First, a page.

Australian Forests and Timber
New Forests investigating port development on Kangaroo Island
NEW FORESTS is investigating port development options at Ballast Head, near American River on Kangaroo Island, at a site formerly used for shipping gypsum and before that for loading ballast on to sailing ships, according to Adelaide Now..
New Forests chief executive David Brand said the multi-user port, estimated to cost roughly $25 million, would include a 300 metre jetty.
The port is expected to open the way for the Forest Investment Trust, managed by New Forests, to start harvesting its 10,500ha of forests on the island in 2018, creating employment for another 50 people a year in harvesting and haulage operations.
New Forests is carrying out an advanced feasibility study and working with stakeholders to develop a major projects application that meets the island’s needs as well as those of all the plantation owners.
Mr Brand said he expects the new jobs will open up work for a mix of local and new people to the island.
“We want to outsource the contract work, it’s a great opportunity for local businesses to step-up,” Mr Brand said.
Once harvesting starts on Kangaroo Island, he expects about 500 tonnes to be delivered from its forests to the Ballast Head port each day.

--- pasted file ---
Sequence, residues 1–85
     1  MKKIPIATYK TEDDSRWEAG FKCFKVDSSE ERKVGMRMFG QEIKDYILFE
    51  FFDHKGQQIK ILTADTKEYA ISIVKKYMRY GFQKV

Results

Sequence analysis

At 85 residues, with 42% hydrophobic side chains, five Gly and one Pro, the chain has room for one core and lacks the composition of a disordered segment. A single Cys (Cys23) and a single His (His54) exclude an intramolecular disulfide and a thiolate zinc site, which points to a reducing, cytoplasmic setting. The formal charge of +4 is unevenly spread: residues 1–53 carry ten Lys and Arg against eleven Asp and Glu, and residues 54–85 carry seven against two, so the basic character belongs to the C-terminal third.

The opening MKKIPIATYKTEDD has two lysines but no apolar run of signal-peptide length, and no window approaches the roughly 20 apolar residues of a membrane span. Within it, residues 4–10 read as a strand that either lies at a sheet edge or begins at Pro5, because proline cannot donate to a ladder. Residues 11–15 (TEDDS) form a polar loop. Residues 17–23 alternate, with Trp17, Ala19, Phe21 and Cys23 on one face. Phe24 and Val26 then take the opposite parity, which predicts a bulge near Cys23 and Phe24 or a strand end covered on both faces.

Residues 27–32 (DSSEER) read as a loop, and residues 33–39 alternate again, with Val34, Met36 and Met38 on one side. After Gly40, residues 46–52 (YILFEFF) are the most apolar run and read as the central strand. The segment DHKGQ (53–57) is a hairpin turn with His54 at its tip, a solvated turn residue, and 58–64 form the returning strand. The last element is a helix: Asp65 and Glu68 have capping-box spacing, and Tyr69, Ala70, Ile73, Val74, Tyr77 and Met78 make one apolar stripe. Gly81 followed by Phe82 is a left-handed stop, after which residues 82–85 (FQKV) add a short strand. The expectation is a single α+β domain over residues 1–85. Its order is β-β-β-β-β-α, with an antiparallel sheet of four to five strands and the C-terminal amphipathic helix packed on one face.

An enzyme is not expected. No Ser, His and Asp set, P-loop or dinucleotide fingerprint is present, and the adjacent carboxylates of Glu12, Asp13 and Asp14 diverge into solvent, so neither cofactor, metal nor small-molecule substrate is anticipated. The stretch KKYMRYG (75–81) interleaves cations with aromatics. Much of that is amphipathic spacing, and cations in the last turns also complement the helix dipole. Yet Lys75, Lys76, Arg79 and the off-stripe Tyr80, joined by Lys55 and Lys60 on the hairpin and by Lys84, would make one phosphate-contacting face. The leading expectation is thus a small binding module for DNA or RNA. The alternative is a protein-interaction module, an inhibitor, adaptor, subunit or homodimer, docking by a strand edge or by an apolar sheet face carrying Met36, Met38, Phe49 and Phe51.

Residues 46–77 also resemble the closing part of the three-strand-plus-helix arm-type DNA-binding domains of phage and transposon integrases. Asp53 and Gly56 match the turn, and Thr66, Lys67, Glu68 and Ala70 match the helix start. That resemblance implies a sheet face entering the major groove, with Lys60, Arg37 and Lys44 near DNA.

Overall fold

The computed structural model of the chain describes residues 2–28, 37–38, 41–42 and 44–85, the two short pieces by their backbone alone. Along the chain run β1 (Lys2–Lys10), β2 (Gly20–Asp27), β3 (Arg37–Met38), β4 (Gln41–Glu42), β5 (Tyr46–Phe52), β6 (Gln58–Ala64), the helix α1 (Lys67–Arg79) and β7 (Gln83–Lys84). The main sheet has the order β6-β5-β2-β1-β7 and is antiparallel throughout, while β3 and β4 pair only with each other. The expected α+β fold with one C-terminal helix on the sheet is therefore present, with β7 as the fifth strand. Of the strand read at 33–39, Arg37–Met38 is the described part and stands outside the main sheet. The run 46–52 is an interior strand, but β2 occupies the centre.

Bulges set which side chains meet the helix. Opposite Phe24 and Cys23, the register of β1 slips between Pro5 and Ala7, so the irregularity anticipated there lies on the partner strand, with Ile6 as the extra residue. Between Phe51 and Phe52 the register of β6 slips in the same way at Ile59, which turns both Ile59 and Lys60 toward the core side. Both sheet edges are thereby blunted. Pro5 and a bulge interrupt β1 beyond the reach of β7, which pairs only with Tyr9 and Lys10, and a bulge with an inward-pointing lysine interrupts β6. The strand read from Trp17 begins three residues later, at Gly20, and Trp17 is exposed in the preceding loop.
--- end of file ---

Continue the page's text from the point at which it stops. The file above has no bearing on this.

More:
Mr Brand said New Forests bought the Ballast Head site from the receiver-manager of Gunns Limited earlier this year after selecting it as a viable port from a study that took into account commercial, environmental, and social criteria.
New Forests’ development of a new port is expected to bring wider benefits to the island and help stimulate its economy.
Mr Brand said the benefits of the new port will include providing an open access freight hub to help lower the cost of freight from the island — carried by commercial shippers — helping make the island’s other industries more viable.
“It makes sense to build a general purpose multi-user port for agricultural produce and other freight such as fuel, oil, machinery, grain, hay and timber,” he said.
“We will need one ship every four to six weeks, taking 30,000 tonnes of logs, initially, to China which is a well established market for hardwood logs and more valuable than woodchips.”
The trust owns 10,500ha of the island’s 17,000ha of blue gum forests, which it bought from the old managed investment scheme company Great Southern in 2013, after buying the land in 2011.
Mr Brand predicts a bright long-term future for forestry on Kangaroo Island because it has the highest productivity of any of its growing regions due to good rainfall, a temperate climate and flat land.
Benefits of building the port for the island economy are expected to include payments of $20 million a year for harvesting 200,000 to 300,000 tonnes of timber and haulage, plus a significant economic multiplier benefit.
New Forests plans to progress its feasibility study to refine the costs of implementing the port before moving into a full planning and development phase in 2016. Separately, listed entity KI Plantation Timbers is progressing its plans for a port at Smith Bay.